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Wilmington water conservation mandatory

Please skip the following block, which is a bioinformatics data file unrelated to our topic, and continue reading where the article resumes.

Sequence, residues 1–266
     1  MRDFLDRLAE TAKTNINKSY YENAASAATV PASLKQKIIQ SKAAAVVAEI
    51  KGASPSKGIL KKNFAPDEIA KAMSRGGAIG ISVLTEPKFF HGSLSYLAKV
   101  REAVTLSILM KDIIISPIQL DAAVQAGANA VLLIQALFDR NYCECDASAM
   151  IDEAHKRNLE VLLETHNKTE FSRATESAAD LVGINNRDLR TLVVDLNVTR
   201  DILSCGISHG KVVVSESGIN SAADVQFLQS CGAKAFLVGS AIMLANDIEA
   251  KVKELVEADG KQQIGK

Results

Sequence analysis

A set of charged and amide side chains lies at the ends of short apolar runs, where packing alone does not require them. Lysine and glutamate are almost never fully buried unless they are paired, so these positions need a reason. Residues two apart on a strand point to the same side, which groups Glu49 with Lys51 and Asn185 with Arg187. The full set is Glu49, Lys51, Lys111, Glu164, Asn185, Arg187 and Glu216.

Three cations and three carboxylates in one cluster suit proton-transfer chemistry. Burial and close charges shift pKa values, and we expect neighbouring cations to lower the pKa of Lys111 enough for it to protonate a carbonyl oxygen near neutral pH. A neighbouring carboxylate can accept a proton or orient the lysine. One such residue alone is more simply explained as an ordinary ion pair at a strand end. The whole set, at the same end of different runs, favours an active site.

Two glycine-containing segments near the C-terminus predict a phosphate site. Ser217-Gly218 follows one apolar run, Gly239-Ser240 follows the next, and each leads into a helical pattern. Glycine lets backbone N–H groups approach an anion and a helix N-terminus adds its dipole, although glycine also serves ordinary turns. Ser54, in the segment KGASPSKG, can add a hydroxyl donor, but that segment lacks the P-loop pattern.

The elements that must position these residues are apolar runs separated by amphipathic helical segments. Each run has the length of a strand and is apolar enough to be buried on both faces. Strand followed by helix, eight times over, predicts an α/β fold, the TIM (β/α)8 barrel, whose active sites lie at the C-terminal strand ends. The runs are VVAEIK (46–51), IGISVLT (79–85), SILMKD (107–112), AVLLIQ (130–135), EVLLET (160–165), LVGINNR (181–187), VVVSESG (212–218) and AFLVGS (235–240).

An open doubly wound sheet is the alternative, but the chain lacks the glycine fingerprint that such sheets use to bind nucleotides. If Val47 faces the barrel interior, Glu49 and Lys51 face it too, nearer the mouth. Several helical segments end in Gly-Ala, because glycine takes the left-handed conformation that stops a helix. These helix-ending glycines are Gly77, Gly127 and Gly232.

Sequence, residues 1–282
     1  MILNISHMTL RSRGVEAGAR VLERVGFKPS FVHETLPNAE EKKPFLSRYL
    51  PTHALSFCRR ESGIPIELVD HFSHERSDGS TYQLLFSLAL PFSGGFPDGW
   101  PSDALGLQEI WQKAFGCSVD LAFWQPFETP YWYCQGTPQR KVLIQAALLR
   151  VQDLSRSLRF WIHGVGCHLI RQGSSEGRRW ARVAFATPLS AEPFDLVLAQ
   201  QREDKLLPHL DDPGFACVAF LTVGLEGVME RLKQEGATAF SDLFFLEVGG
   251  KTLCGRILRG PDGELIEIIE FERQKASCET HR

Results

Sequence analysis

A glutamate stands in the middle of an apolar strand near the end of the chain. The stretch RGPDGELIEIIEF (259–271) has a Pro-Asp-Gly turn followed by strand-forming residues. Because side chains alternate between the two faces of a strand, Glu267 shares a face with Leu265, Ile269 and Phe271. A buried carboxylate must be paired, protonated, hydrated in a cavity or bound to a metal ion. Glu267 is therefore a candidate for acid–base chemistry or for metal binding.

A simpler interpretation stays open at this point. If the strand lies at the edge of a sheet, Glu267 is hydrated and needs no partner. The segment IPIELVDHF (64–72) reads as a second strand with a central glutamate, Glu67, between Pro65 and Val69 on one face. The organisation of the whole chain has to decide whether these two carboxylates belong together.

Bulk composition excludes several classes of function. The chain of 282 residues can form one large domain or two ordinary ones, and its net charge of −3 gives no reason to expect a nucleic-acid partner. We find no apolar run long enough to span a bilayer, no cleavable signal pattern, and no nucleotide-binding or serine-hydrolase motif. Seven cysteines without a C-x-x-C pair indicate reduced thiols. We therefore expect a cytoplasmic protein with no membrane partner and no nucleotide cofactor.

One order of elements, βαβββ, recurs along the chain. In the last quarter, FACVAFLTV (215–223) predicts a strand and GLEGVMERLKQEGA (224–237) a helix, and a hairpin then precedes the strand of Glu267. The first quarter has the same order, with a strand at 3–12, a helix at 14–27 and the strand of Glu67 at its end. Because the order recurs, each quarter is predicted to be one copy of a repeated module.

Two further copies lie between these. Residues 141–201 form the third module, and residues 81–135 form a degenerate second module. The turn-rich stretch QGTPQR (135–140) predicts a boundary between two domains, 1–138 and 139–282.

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WILMINGTON -- On Monday Gov. Mike Easley called on towns and counties across the state to help save water. Wednesday night Wilmington City Council unanimously passed a resolution upping Wilmington's conservation efforts from voluntary to mandatory -- effective immediately. It was the first item on the City Council agenda. Councilwoman Laura Padgett read the resolution making water conservation mandatory throughout the city. Padgett said, "Nobody wants to put this in place but if we don't we may wish we had and we have to recognize that we have limited access to water." Much of the state is experiencing the worst drought in recorded history. Monday Gov. Easely addressed the North Carolina League of Municipalities, asking towns and cities across the state to help save water. City officials say the address prompted City Council to pass stage two water restrictions. Wilmington Mayor Bill Saffo said, "I think we should do our part to help restrict the use of water in this community until we get through this crisis." Effective immediately city residents are prohibited from outside water use. That means no washing cars or watering lawns or gardens. Residents found violating the restrictions will be warned first, but if they repeatedly break the rules, they will be fined $500, each time. Wilmington city officials say water restrictions do not apply to businesses like car washes, they generally use recycled water. City officials say Wilmington's water supply, while low, isn't at a severe deficit. But, they say if the drought continues, and the water level falls below the lock and dam in the Cape Fear River there is only a 30- to 35-day water supply.

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